|The Match Factory Girl|
|Directed by||Aki Kaurismäki|
|Written by||Aki Kaurismäki|
|Edited by||Aki Kaurismäki|
|Box office||SEK 131,180 (Sweden)|
The Match Factory Girl (Finnish: Tulitikkutehtaan tyttö) is a 1990 Finnish-Swedish film edited, written, co-produced, and directed by Aki Kaurismäki, the final installment of his Proletariat Trilogy, after his Shadows in Paradise and Ariel. It follows Iris, a young, plain-looking factory worker living a lonely, impoverished and uneventful life in late 1980s Finland. Iris is played by Kati Outinen, who had appeared in a number of other Kaurismäki films.
Iris lives with her middle-aged mother and stepfather, who spend most of their time watching the news on television. They expect her to give them all of her match factory production line job earnings as well as do all the housework. She goes to dances but does not attract partners. She buys a highly coloured dress in the hope that this will increase her appeal. Seeing it, her parents call her a whore and demand she return it, but she defies them and wears it to a dance club.
At the club, Iris meets Aarne, who thinks she is a prostitute because of the dress, although Iris does not realize that. They spend the night together at his plush apartment. Aarne departs the next morning before Iris awakes, leaving money for her on the bedside table. Iris leaves her number and, after waiting in vain for Aarne to phone her, visits him and arranges a second date. Arne meets her parents when he calls for her. At the end of the dinner, Aarne harshly informs her that he does not seek her affection and tells her to leave. She returns home and spends the rest of the evening in tears.
Iris later discovers she is pregnant and writes to Aarne asking him to raise the child with her. She receives a reply simply stating "Get rid of the brat," along with a cheque for 10,000 markka. Iris becomes distraught and goes outside, leaving the letter and cheque on the table, where her mother finds them. While wandering around upset, Iris is hit by a car and has a miscarriage. Her stepfather visits Iris in the hospital and tells her she must move out of the apartment because she has caused her mother great pain.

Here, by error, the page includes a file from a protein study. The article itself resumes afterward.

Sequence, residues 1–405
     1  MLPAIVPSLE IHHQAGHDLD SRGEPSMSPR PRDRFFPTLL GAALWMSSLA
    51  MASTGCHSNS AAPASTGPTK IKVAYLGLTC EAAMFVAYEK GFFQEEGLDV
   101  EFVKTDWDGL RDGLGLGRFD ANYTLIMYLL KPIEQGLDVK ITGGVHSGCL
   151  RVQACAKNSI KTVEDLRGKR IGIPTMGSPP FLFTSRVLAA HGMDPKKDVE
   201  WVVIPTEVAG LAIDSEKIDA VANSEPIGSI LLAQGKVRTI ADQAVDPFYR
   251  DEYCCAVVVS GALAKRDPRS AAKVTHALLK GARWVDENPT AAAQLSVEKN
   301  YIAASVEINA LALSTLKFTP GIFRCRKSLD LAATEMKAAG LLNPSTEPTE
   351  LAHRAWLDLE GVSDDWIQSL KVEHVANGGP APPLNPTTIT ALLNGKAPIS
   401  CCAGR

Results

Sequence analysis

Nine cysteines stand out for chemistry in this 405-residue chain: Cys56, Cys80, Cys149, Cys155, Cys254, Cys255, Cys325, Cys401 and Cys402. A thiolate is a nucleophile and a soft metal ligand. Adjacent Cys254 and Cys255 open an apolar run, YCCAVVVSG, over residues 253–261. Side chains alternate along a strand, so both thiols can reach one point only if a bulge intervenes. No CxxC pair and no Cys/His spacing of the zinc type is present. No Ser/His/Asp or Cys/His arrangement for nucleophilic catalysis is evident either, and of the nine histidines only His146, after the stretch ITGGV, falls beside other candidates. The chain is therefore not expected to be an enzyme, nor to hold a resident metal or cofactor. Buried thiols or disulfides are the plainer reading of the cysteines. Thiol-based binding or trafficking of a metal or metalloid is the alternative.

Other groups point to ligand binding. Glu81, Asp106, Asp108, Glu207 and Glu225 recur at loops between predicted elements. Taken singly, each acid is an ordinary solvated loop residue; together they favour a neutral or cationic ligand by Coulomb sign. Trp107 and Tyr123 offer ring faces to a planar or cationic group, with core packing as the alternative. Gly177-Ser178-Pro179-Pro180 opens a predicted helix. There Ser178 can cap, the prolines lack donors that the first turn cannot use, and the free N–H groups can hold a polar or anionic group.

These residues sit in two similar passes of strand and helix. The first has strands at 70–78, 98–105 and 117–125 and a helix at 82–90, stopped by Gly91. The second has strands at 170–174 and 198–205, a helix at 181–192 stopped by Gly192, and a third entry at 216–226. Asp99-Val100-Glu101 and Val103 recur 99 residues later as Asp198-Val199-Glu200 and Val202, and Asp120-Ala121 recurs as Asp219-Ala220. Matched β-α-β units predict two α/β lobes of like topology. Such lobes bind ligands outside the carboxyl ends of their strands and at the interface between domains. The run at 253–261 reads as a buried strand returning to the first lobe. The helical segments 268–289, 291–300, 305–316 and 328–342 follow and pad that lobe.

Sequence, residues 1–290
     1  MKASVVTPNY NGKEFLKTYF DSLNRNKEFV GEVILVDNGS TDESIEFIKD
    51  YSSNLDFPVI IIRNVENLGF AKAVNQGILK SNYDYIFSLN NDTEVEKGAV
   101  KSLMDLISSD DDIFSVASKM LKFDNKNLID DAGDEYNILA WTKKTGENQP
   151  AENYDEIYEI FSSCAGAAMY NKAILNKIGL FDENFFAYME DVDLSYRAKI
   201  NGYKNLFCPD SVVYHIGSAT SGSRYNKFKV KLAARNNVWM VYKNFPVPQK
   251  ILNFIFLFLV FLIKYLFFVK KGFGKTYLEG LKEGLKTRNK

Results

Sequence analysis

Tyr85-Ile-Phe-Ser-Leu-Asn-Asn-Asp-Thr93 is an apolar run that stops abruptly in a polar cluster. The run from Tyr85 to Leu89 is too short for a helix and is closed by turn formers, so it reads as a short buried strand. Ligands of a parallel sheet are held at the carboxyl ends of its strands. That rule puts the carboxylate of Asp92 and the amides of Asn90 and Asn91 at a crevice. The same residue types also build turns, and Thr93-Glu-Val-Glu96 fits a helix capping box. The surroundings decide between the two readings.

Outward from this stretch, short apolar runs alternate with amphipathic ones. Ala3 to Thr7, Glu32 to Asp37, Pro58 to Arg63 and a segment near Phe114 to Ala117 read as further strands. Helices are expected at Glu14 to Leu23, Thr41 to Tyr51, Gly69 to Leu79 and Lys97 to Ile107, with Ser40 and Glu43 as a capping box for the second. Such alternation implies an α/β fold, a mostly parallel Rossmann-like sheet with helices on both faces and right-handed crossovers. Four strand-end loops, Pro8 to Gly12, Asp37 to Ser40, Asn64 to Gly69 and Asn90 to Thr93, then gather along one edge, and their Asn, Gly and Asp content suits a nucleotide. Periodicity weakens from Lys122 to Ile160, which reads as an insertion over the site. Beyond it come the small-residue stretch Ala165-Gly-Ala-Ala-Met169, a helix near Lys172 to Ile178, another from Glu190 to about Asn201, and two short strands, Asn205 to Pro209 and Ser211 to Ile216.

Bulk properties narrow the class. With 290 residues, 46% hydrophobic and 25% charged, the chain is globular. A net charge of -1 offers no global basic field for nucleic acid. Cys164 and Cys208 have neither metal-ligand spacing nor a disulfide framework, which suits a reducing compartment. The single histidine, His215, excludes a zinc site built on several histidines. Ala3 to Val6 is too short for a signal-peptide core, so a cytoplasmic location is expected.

Iris moves in with her brother and becomes increasingly despondent. She buys rat poison, mixes it with water, and puts it into a small bottle, which she puts into her purse. She goes to Aarne's apartment and tells him she wants a drink. Aarne brings the drinks, but Iris asks for ice, and when Aarne goes to get it, Iris pours some of the mixture into his drink. When Aarne returns, she tells him that everything is taken care of and that he need not worry because this will be the last time he will see her. She returns his cheque, quickly drinks most of her drink, and leaves. Aarne sits quietly for a few moments, then drinks his drink.
On the way home, Iris goes into a bar, orders a beer, takes a seat at the bar, and starts reading. A man sits beside her, uninvited, and tries to catch her attention. Iris smiles at the man, takes the poison out and pours some into his glass. She leaves, and the man finishes his drink.
Iris visits her mother and stepfather. She prepares a meal for them and pours the rest of the poison into their bottle of vodka while they are next door. While they eat, Iris sits in the living room smoking and listening to music. After a while, she gets up to look and sees her parents are dead.
The next day at work, Iris is taken away by the police.
- Kati Outinen as Iris
- Elina Salo as mother
- Esko Nikkari as stepfather
- Vesa Vierikko as Aarne
- Reijo Taipale as singer
- Silu Seppälä as brother
- Outi Mäenpää as workmate
- Marja Packalén as doctor
- Richard Reitinger as man in the bar
- Helka Viljanen as office employee
- Kurt Siilas as policeman
- Ismo Keinänen as policeman
- Klaus Heydemann as worker
On August 18, 2011, Roger Ebert added the film to his list of Great Movies. He wrote that he "watched hypnotically. Few films are ever this unremittingly unyielding... What made it more mesmerizing is that it's all on the same tonal level: Iris passively endures a series of humiliations, cruelties and dismissals."
The Match Factory Girl was released on a region-free Blu-ray by Future Film in Finland on December 3, 2013. The release includes five available subtitles (Swedish, English, Norwegian, and Danish in addition to Finnish) along with Kaurismäki's short film Bico, a segment of the 2004 anthology film Visions of Europe.
- "The Match Factory Girl". British Board of Film Classification. 28 August 1990.
- Ebert, Roger (18 August 2011). "The Match Factory Girl Movie Review (1990)". RogerEbert.com. Ebert Digital LLC. Retrieved 18 December 2017.
- "The Match Factory Girl Blu-ray (Finland)". Blu-ray.com. Blu-ray.com. Retrieved 18 December 2017.
- The Match Factory Girl on IMDb
- The Match Factory Girl at AllMovie
- The Match Factory Girl at the British Board of Film Classification
- The Match Factory Girl at the British Film Institute
- The Match Factory Girl at Elonet (in Finnish)
- The Match Factory Girl at Rotten Tomatoes
- The Match Factory Girl at the Swedish Film Institute Database